The body of the journal by Stephens and Weston suggests that time management is important in the present, people don’t have enough time, and that people sometimes go to great lengths to save time. The anecdote of the priest who made do-it-yourself home blessing kits for members of his congregation for the season of Lent is interesting. His reason for doing this was because he no longer had enough time to reach the houses of the entire congregation because they were seldom home. This limited the hours which he could visit the homes, and he realized that time was against him. To ensure that houses of those who went to mass were blessed, he created kits for the head of the house to bless it.

The Boredom of a Fish

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The life of a fish in an aquarium must be boring.  They have no chance to do anything other than swim around the tank all day, looking out into a world they will never know.  But their world is meant to be the aquarium.  A typical fish owner will attempt to make the tank a suitable habitat for the fish and a decoration for humans to marvel at, however, it is likely that the life of the fish will become boring as they adjust to their surroundings. This is what domestication of any animal as a pet is like.  The owner makes a home for the animal, but yet it seems as though the owner gets the most benefit.

As a fish owner I find myself staring at my aquarium wondering if my fish get bored and what they do when I’m gone.  I imagine that they continue to swim around with no apparent purpose, as if they are looking for something but don’t quite know what it is that they are trying to find. They follow each other, examining the walls of the tank, as if they were plotting a way to break through. After, they may swim to the other side, or maybe around the plants, then end up in the exact same area as before, not realizing that they were there 10 seconds ago.  I assume that the cause of this behavior is due to their very short attention span.  They must have at least some capacity for memory though.  They have an innate memory that allows them to recognize food and predators. This is different from learned memory, which would involve recognizing the aquarium and its surroundings.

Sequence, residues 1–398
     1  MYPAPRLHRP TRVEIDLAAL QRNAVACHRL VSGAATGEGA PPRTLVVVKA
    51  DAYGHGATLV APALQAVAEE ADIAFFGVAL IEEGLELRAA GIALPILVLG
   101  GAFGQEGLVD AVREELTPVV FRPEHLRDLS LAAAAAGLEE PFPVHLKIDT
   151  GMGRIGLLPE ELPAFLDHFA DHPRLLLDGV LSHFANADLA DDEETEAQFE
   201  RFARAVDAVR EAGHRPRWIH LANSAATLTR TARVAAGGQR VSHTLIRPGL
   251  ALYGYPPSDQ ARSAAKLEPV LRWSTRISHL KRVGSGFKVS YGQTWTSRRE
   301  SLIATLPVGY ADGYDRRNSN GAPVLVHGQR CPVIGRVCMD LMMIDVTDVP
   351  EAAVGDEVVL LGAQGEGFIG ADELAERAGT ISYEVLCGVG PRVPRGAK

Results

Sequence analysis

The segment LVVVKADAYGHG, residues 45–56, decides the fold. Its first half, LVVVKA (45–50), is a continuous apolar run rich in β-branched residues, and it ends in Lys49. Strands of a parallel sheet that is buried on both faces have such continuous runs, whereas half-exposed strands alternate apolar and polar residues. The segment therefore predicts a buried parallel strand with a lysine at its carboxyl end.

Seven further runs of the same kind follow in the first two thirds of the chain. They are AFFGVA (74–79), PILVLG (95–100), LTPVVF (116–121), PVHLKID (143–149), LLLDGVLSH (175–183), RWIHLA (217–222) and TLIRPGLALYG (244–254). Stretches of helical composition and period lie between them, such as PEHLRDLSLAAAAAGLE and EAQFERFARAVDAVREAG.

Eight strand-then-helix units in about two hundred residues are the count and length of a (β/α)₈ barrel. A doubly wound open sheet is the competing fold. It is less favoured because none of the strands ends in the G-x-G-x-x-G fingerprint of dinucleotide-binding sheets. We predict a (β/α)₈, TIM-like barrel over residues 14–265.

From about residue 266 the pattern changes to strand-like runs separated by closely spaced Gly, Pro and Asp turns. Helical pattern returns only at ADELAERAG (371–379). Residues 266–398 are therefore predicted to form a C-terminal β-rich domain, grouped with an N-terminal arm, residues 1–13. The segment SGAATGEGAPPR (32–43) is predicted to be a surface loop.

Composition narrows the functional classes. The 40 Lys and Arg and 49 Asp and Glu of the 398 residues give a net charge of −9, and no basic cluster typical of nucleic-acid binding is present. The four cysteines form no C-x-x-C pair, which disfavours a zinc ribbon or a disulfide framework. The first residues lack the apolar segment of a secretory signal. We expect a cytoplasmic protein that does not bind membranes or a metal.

The most exciting part of the day for my fish must be when they are fed. For the moment it gives them something to do that has purpose.  They dart as if they have a definitive idea of what they’re doing.  This is different from the aimless manner in which they swim at other times.

If they were able to think about boredom I think that they would be bored.  There is no variation in their daily routine.  They swim around the tank, which doesn’t change; they eat; and then swim some more.  It would take them a mere minute to become familiar with the entire tank.  They don’t get bored though, because of their short memory.

I feel bad for them because they are restricted to the tank their entire lives swimming around with nothing important to do.  Their routine is the same everyday and will spend the rest of their lives swimming around in 5 gallons of water.

To be a fish would be great though. They swim around the aquarium all day with nothing to accomplish except to exist.  They seem carefree, oblivious to the struggles of life. They’re free to do whatever they want; they have no schedule.

I believe that although the life of a fish seems boring and is repetitive, to fish it isn’t.  The main reason for this is because they don’t know any better. They have no concept of what boredom is, so they can’t realize that they’re bored.  Further, their short memory would prevent them from getting bored because most of what they do would be forgotten and most things would seem new even if they weren’t.